Gedun Chopel, the author of the song.

MAGICAL DISPLAYS OF THE SINGLE MIND

In INSIGHTS by Judith Amtzis2 Comments

It was in the early ’90s I first heard of Gedun Chopel. I was immediately fascinated by him and tried to learn all I could about him, especially after I learned that he had spent time in Sri Lanka and actually translated the Dhammapada into Tibetan from Pali, and that his life ended so tragically after the Tibetan government had jailed him. I tried so hard to learn about him that I actually struggled through Heather Stoddards book in French, which I hadn’t read since I was in college. At that time he hardly was translated much, except for his book on the Kamasutra, and that was kind of derivative. Since I was trying to learn how to translate at the time, I thought I should try to do something myself.
Gedun Chopel’s song: Instructions on Practicing the Essence of Holy Dharma.

The compassionate power of the three precious abodes of refuge
Is unfailing when relied upon.
By pacifying all confused appearances of pointless samsara
Grant the blessing of turning our minds toward the holy dharma.

Whatever worldly activity you think of entering into
Has not even as much essence as a sesame seed.
Turning your mind from this brief worldly life,
Practice the essence of the holy dharma.

Youth is like a summer flower
And bright beauty a winter rainbow.
There is no longevity in human life;
Thus, practice the essence of the holy dharma.

When suffering, wishing for a way to be happy;
When happy, fearing suffering’s return.
From the abyss of hope and fear, there is no time for liberation;
Thus, practice the essence of the holy dharma.

Cherished dearly, it is the basis of sickness and disease;
Adorned with ornaments, its nature is filth.
There is no essence to this impermanent body;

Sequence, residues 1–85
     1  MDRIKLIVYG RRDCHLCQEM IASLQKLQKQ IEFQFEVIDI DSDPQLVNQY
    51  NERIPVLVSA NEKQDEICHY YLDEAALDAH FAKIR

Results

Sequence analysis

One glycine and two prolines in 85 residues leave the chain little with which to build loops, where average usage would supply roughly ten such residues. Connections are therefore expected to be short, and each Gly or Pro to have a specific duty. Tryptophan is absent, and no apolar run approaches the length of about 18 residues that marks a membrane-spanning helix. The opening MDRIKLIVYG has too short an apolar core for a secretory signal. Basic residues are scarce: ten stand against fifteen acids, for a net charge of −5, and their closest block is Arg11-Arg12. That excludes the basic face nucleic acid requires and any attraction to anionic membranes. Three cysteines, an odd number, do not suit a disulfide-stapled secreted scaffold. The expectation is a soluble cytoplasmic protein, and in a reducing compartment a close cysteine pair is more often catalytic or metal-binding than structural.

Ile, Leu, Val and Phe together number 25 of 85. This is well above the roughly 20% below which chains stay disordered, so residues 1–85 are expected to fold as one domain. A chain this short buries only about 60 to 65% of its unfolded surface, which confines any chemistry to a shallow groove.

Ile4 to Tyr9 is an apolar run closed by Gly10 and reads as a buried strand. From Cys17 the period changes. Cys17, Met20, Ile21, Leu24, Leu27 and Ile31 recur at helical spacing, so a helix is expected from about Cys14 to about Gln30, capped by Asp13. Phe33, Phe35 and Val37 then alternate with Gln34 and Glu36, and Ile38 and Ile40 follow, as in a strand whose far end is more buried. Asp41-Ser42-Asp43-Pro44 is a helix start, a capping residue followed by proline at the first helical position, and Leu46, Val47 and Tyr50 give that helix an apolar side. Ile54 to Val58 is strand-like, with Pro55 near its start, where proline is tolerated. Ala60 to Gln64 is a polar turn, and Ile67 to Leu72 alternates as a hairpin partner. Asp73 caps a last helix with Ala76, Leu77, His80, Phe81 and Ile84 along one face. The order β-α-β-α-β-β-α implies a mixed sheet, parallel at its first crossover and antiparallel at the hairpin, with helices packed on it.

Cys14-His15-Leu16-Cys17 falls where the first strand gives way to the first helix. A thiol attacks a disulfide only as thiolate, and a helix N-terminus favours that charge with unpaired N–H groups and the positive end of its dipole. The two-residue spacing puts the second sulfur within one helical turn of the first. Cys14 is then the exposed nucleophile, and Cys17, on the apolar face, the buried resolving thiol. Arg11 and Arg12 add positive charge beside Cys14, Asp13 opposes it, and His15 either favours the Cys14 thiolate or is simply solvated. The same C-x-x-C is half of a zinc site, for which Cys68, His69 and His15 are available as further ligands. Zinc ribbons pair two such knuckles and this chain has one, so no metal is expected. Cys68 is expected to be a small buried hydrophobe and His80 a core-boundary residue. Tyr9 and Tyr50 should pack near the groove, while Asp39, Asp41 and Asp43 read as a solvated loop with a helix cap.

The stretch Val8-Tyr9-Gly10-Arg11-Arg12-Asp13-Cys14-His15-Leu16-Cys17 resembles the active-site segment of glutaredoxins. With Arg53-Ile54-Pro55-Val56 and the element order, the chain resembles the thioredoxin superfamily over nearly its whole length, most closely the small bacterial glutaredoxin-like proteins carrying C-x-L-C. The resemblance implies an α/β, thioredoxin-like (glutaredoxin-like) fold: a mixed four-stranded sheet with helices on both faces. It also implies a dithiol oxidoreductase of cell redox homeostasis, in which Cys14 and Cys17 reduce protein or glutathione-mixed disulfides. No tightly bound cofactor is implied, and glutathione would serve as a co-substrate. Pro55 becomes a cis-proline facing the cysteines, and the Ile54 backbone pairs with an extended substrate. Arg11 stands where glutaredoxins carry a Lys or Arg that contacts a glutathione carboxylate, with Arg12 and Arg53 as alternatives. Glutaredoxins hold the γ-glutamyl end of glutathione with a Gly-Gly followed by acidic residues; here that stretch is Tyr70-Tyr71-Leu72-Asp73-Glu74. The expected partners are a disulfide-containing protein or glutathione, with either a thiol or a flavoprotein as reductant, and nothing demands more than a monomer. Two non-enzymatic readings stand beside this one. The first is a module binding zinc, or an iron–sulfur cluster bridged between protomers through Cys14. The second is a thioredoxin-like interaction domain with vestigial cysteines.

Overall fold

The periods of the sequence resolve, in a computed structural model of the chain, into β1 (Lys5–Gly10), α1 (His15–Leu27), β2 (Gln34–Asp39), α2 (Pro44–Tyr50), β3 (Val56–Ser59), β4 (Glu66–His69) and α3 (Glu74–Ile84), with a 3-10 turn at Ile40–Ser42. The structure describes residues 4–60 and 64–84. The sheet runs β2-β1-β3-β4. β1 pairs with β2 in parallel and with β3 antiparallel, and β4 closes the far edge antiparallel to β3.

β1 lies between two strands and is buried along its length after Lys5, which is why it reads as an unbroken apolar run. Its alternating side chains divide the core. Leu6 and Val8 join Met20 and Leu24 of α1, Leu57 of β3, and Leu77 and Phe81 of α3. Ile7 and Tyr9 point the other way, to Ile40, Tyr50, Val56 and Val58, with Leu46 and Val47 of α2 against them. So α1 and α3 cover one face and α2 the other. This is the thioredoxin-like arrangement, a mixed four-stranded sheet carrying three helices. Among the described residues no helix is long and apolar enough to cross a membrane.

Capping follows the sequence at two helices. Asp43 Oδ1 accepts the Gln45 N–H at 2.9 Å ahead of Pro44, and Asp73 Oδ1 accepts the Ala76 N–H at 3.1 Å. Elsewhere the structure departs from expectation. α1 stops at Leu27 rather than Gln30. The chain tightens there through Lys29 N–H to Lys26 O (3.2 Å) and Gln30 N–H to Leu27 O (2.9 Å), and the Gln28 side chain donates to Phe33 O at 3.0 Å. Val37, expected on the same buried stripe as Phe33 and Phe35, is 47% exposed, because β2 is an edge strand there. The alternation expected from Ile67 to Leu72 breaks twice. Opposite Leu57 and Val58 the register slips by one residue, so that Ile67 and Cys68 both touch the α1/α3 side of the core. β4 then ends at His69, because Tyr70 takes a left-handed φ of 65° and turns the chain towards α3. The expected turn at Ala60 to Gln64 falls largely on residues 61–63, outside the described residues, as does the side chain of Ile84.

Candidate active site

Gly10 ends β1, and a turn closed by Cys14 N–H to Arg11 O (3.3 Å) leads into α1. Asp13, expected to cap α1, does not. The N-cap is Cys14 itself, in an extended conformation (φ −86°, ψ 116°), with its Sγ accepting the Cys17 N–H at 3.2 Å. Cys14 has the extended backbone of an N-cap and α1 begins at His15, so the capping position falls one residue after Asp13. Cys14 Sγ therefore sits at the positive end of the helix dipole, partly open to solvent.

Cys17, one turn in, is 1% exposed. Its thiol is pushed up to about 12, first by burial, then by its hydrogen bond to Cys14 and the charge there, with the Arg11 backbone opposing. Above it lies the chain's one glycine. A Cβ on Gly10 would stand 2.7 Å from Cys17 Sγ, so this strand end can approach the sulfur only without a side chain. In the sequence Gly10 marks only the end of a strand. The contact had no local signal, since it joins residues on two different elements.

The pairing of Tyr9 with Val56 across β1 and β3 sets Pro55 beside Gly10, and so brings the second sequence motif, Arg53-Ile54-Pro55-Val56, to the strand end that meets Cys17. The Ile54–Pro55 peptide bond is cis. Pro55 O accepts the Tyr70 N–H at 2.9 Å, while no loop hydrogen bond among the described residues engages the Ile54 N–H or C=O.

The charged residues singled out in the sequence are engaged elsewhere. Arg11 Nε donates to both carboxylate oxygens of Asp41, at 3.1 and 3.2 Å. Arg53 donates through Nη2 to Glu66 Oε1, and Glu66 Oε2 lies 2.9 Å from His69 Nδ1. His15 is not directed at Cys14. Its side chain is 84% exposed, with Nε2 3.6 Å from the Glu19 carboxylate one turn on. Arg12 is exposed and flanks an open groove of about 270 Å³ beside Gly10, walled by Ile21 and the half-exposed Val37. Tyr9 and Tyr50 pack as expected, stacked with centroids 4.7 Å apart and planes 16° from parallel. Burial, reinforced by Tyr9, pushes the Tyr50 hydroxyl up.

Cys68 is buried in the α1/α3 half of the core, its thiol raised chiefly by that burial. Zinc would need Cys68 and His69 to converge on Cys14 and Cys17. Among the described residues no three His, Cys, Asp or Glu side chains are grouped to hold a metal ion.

Thus, practice the essence of the holy dharma.

The rich from their vantage of wealth speak of suffering;
The poor from their place of poverty cry in misery.
Every human mind has its own load of sorrow;
The abode of samsara offers no chance of happiness.

In general, all outer appearances of happiness and suffering
Are magical displays of the single mind itself.
Other than inner reflections arising from outside
Outer features come from nowhere else.

By understanding well that this is so,
When cutting through with intelligence the all-ground, the root of mind,
You actually remain in the sky of the truth of dharmata, reality itself
Beyond this mist of appearances.

Saying ‘is’, we are contriving, and
Saying ‘is not’ is contrivance itself.
Unpolluted by any such artifice
The nature of mind is perfect enlightenment.

Thoughts of ‘is’ and ‘is not’ are like ripples in water
Continuously following one after another.
When they fall apart, by letting go in the state beyond reference point
The primordial ocean of dharmadhatu is reached.

In short, appearance is mind’s magical creation, and
Mind is emptiness, with neither ground nor root.
Holding on to a self in baseless phenomena,
We wander through the realms of samsara.

When we don’t chase after appearances
But look directly at the perceiver itself
We see the inexpressible natural face
And the path to enlightenment is not long.

In this way, through the blessings of the three root deities
May we quickly resolve the emptiness of our own minds,
And from the royal seat of the primordial pure Great Perfection
Vastly benefit limitless sentient beings.

This was written by the wanderer Gedun Chopel in the company of Drolma Yangzom, whose mind has turned towards the essential Dharma.

About the Author
Judith Amtzis

Judith Amtzis

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A long term student of the Dharma, I met both Holiness Pema Norbu Rinpoche and Tulku Urgyen Rinpoche in 1976, and have lived in Asia since then, primarily in Kathmandu, Nepal. On the request of Holiness Penor Rinpoche, I collaborated with Khenpo Sonam Tsewang of Namdroling Monastery in Mysore to translate the Liberation Story of Namcho Migyur Dorje, the terton who discovered the treasures that make up the core of the Palyul tradition. This biography is entitled The All-Pervading Melodious Sound of Thunder, and was written by the first Karma Chagme Rinpoche.

Featured image: Gendun Chopel in India, 1936.
Books by or about Gendun Chopel
A detailed biography of Gendun Chopel compiled by Heather Stoddard.

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